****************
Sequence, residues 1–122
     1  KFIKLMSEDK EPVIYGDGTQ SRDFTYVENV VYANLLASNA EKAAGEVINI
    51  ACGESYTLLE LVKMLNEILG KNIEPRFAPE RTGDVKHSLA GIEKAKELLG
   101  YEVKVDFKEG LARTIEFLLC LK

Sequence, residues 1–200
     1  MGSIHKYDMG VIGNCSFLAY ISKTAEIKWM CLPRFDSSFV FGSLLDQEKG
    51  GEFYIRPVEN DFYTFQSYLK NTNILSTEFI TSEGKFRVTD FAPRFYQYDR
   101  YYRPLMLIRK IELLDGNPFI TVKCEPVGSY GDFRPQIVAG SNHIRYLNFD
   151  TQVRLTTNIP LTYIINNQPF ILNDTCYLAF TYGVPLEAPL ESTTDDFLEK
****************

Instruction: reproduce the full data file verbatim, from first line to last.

Sequence, residues 1–122
     1  KFIKLMSEDK EPVIYGDGTQ SRDFTYVENV VYANLLASNA EKAAGEVINI
    51  ACGESYTLLE LVKMLNEILG KNIEPRFAPE RTGDVKHSLA GIEKAKELLG
   101  YEVKVDFKEG LARTIEFLLC LK

Sequence, residues 1–200
     1  MGSIHKYDMG VIGNCSFLAY ISKTAEIKWM CLPRFDSSFV FGSLLDQEKG
    51  GEFYIRPVEN DFYTFQSYLK NTNILSTEFI TSEGKFRVTD FAPRFYQYDR
   101  YYRPLMLIRK IELLDGNPFI TVKCEPVGSY GDFRPQIVAG SNHIRYLNFD
   151  TQVRLTTNIP LTYIINNQPF ILNDTCYLAF TYGVPLEAPL ESTTDDFLEK